Joe Fargione is The Nature Conservancy’s lead scientist for the North America region.
Last October, the Food and Agriculture Organization released a report titled “How to Feed the World in 2050.” How humanity answers this question will be just as important to conservation as the question of how we will mitigate climate change.
Why? Because increasing demands for food will lead to an expansion of agriculture into natural areas, with dramatic consequences for species that depend on those habitats.
The report says that global population will increase from its current size of 6.8 billion to 9.1 billion by 2050, an increase of 34 percent. Economic growth will ensure that this population demands more meat, meaning that overall demand for food will increase by 70 percent by 2050. And that doesn’t count increases in demand expected to occur due to biofuels, which is the most land-intensive form of energy production.
The good news is that the FAO predicts that we can meet this demand, although increased investment in agricultural development will be needed. Crop yields per acre will continue to increase, allowing us to produce more crops on existing farmland.
The bad news for conservation is that large areas of newly cultivated lands will also still be needed to feed the world in 2050. This trend is not new. Over the past decade, the amount of land used for agriculture has increased by over 8 million acres per year, according to FAO data. But the amount of new land cleared for agriculture is much higher, because each year some existing farmland is lost to degradation and expanding human settlement.
Agricultural expansion threatens rainforests in the Amazon, Southeast Asia and sub-Saharan Africa. These lands are not only home to an incredible diversity of species, they provide valuable natural services to people, including carbon storage, climate regulation, provision of fresh water, medicines, and other forest products.
The FAO predicts that cropland will undergo a net gain of 170 million acres by 2050, but because cropland will be lost in developed countries, there will be a cropland increase of 300 million acres in developing countries. This is an area three times all the land in California.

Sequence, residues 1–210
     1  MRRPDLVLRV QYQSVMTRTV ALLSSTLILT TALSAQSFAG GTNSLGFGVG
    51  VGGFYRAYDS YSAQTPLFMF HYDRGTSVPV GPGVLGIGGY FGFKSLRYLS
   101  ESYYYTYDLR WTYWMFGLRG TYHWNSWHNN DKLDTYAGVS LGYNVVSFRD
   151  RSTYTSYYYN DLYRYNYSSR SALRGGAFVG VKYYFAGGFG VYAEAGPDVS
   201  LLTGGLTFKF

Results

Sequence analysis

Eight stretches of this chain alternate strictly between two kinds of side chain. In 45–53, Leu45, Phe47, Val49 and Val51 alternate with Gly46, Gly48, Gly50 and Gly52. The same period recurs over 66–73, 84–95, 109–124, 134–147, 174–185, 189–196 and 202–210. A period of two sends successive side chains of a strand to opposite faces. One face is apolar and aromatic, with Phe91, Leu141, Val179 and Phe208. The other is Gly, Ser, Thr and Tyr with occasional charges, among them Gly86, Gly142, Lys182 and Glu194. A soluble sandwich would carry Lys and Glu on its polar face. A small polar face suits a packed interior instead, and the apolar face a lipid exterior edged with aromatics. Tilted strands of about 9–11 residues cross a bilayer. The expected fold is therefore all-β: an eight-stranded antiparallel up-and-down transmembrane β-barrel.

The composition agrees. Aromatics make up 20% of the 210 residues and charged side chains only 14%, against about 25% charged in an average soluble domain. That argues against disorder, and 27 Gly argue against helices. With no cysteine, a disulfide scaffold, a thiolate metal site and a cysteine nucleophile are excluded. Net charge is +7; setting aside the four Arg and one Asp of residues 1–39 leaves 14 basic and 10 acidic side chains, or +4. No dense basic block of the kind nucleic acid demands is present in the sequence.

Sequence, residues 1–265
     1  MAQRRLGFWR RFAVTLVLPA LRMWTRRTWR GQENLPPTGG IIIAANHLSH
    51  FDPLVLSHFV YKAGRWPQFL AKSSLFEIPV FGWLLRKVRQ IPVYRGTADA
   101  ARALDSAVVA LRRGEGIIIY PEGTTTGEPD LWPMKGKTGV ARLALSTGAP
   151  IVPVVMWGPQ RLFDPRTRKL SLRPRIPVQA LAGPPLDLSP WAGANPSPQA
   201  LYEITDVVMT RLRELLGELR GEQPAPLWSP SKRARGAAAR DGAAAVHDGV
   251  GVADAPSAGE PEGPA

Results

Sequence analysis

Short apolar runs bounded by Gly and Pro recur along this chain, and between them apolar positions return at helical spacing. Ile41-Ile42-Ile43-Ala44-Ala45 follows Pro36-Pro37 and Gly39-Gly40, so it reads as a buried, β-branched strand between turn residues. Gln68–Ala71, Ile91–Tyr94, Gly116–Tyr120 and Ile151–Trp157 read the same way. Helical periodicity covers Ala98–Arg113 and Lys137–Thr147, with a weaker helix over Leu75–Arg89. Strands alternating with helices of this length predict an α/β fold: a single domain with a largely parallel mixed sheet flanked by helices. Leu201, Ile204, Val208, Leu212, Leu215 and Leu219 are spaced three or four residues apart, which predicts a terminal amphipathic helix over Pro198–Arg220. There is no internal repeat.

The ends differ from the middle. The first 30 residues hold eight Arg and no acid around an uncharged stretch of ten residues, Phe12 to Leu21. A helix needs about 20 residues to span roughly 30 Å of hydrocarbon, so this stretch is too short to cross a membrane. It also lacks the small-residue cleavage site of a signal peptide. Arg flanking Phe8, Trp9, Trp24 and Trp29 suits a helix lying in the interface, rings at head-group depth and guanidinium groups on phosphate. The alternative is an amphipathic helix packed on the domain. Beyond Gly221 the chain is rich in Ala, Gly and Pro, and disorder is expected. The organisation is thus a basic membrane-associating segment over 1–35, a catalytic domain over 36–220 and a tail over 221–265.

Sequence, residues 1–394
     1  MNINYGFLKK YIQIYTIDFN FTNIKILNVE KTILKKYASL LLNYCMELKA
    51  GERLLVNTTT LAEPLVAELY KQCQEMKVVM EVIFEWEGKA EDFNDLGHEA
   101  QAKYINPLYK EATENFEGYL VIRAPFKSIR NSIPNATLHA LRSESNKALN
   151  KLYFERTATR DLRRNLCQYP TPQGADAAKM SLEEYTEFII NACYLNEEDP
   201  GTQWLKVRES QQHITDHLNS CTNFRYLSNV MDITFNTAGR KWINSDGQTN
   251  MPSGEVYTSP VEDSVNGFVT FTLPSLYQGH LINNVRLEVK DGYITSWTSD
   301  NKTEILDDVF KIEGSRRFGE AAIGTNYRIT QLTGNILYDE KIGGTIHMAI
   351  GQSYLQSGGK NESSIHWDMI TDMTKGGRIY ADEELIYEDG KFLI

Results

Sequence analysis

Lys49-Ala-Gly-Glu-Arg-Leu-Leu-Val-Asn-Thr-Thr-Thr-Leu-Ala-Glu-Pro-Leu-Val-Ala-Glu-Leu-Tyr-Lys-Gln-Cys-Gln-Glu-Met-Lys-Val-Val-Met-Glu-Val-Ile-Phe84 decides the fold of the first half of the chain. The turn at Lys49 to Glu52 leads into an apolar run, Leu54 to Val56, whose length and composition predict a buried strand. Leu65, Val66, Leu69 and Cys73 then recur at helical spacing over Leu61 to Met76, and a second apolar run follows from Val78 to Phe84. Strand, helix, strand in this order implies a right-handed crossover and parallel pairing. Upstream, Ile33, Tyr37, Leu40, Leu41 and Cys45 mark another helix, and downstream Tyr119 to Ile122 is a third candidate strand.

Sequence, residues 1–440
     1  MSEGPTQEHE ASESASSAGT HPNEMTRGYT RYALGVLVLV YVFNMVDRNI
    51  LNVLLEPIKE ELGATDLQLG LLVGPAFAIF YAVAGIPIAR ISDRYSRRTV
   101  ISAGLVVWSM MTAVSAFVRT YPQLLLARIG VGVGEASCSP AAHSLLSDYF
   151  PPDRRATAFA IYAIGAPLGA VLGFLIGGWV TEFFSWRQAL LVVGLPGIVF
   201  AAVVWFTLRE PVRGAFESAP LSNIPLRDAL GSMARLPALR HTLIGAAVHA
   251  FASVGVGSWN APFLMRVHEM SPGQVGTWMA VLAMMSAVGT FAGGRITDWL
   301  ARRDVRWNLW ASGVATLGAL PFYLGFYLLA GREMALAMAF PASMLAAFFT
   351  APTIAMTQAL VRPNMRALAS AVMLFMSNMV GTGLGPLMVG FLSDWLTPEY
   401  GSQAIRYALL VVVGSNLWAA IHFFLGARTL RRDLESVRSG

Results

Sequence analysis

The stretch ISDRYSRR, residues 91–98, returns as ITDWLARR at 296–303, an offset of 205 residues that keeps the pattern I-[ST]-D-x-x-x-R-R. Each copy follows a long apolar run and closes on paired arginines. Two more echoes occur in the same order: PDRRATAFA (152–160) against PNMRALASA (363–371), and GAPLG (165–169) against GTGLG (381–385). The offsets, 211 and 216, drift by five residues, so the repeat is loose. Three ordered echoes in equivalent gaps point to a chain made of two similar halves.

The FAO report was issued just a month after the death of Norman Borlaug, who was awarded the Nobel Peace Prize in 1970 for founding the “Green Revolution.” By breeding higher yielding varieties of crops, Dr. Borlaug is estimated to have saved more than 1 billion people from starvation.
What is often less appreciated are the benefits that Dr. Borlaug and other agronomists have provided to conservation. If today’s crops had the same yields as the crops of 1960, we would require about 2.5 times as much cropland for cereal and oil as we currently have. There would not be much land left over for nature. The Green Revolution and subsequent yield increases spared upwards of 1 billion acres from conversion to agriculture.
As Yogi Berra said: “It’s tough to make predictions, especially about the future.” We hope that crop yields grow faster than demand, that we can adapt to climate change’s impact on agriculture, and that the growth in biofuels occurs through methods that don’t require additional land and are compatible with wildlife. But there are no guarantees. In order to conserve land for nature, a lot depends on our ability to innovate and make more productive use of existing croplands.
“If you want to fight for the environment,” said Bill Moyers, “don’t hug a tree, hug an economist.” Moyers was citing the work of economists to include hidden environmental costs in market prices. Given the important land-sparing benefits of increased agricultural yields, Moyers might have just as well suggested that you embrace an agronomist.
(Image credit: thegreenpages/Flickr through a Creative Commons license.)
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